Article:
Is pain aversion a good basis for the country’s economic policy?

This piece attempts to lay out the economic, and moral, arguments for more strenuous and rapid government spending cuts. Further, it makes the case for accepting the consequences of more severe cuts – less prosperity in the short run in return for better prospects for our economy and people in the long run. We may already be guilty of doing too little too late.

We all know the UK and its citizens have lived beyond its means for far too long, with consumption and government expenditures allowed to range well ahead of the ability to repay the debt that was being run up – UK government debt is approaching 100% of GDP, and is perhaps twice that if you add in public pensions, PFI and bank support. (See Miles Saltiel’s On Borrowed Time for a detailed look into some of these commitments.)

We reached a position last year where the Government was spending £4 for every £3 it raised in taxes. Only a couple of nations – Ireland and Iceland – managed to increase their debt relative to GDP faster than the UK in the last 3 years.

We are, however, far from alone – the Western world is generally overspending and overindebted – and has poor demographic prospects too. The USA will spend $1.40 for every dollar the government raises this year. Ireland, Greece, Portugal, Spain, Italy are all ropey in considerable measure. Events outside our borders are a risk for our economy. Global financial stability seems unlikely.

The debt binge has been going on for a long time – 20 years ago, total private debt in the UK ran at 150% of GDP, which doubled to 300% eight years ago and has now increased to 450%. Consumers and industrial companies roughly doubled their leverage in those 20 years whilst financials went up by a factor of around 5 times – though almost no-one can now really disentangle or define the debts of the financial sector as they trade in increasingly impenetrable derivatives and structured finance products.

Only 20 years ago the Government was briefly spending less than its income. State spending’s share of GDP has risen steadily towards 50% of the economy. Experience of history suggests that 40% is about the limit – above this growth tends to slow and stop.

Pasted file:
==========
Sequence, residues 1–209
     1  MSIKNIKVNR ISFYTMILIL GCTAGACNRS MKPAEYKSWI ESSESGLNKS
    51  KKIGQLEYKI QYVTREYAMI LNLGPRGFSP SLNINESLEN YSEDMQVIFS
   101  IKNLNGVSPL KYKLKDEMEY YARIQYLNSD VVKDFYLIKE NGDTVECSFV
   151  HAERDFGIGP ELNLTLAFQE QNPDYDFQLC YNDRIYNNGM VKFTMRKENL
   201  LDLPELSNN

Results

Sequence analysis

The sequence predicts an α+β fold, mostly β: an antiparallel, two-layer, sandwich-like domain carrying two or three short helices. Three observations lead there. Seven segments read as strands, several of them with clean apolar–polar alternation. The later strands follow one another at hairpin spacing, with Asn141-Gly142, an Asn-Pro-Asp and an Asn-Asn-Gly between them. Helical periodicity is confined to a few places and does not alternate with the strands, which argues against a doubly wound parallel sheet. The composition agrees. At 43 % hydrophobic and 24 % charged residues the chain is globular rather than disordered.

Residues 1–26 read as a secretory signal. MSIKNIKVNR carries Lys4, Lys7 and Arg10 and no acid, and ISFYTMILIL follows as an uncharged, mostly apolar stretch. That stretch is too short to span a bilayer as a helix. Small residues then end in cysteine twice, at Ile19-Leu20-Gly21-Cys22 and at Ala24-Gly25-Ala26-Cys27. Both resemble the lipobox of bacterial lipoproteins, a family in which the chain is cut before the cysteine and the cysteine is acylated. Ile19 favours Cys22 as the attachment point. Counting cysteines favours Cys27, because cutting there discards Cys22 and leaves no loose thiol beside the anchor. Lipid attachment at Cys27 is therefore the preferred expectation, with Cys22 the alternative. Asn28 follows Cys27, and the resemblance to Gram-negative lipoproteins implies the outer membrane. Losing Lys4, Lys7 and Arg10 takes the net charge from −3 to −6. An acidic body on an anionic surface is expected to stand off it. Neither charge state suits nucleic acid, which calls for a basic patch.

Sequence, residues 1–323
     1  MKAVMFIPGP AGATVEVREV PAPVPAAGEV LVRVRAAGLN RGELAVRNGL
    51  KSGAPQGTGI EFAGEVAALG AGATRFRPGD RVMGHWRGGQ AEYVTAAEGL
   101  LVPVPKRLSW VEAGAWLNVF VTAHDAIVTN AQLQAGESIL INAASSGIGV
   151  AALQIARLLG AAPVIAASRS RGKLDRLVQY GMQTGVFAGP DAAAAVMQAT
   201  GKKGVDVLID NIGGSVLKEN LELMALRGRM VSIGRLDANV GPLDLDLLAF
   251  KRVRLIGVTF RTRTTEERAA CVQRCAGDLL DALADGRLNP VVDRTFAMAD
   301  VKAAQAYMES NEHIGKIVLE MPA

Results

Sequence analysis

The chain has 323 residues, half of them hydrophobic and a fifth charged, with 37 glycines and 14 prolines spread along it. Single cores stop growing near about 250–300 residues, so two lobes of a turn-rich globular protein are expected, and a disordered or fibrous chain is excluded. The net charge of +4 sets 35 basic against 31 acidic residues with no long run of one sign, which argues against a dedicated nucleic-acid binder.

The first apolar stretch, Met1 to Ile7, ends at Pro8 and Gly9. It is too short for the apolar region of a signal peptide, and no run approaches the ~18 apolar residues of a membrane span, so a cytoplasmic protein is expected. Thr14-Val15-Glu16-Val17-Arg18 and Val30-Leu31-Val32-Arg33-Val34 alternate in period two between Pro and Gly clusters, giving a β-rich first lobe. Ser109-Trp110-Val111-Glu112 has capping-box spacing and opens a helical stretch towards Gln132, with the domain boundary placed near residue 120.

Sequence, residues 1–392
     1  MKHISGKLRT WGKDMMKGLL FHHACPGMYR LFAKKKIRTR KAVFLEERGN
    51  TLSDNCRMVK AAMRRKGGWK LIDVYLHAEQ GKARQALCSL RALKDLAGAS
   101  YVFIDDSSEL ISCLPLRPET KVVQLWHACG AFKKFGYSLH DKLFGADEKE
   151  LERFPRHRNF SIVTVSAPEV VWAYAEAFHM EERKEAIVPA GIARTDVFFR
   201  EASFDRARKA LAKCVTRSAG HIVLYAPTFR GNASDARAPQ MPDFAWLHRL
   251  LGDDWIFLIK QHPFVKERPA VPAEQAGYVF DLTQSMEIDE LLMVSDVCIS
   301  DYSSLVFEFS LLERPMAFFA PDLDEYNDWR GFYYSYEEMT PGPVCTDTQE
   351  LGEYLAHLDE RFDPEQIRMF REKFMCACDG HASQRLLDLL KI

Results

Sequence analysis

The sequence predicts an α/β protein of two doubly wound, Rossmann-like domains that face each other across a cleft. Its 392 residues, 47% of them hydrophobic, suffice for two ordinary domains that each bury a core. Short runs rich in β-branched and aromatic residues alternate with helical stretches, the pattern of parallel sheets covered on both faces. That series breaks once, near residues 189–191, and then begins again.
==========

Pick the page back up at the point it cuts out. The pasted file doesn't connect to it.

In 2008, failures in the structured finance and investment banking industries precipitated a major global financial collapse – Lehman, RBOS, AIG, Bear Sterns, Northern Rock, and even the seemingly-secure Alliance and Leicester failed. Britain’s GDP fell by around 6% in a year. Unemployment went up painfully, but actually, surprisingly little – from 5% to 8%. This was much less than the rise from 4.5% to 10% in the USA.

And we have suffered much less pain and failure than might have been expected in our economic system – company failures are at near 30-year lows and housing repossessions are remarkably low, given the financial shambles. House prices have suffered little – indeed, people with large mortgages on variable rates have seen a huge rise in their disposable incomes, as Lord Young pointed out (perhaps unadvisedly) last month.

The recession hasn’t been anything like as bad as we might have feared – or perhaps deserved. Or has it? The remarkably mild short-term consequences of the last decades of debt orgy have mostly been the result of policies designed to lower interest rates to levels not seen in 30 years in the UK. You can manage a lot of debt if you pay next to no interest. The government has printed money (lightly disguised and much obscured by the new name “quantitative easing”) and increased borrowing to avoid cutting government spending and to maintain low interest rates. This may have reduced unemployment and mitigated some financial distress in the short-term. Put simply, we’ve tried to solve the difficulties of having too much debt by using more debt and making that debt tolerable – at least for a short time. Quite a few people have compared the process to treating a hangover by drinking more alcohol, and it’s a good analogy. You feel better temporarily, but actually the problem grows. The debt is still there, and bigger, the day after.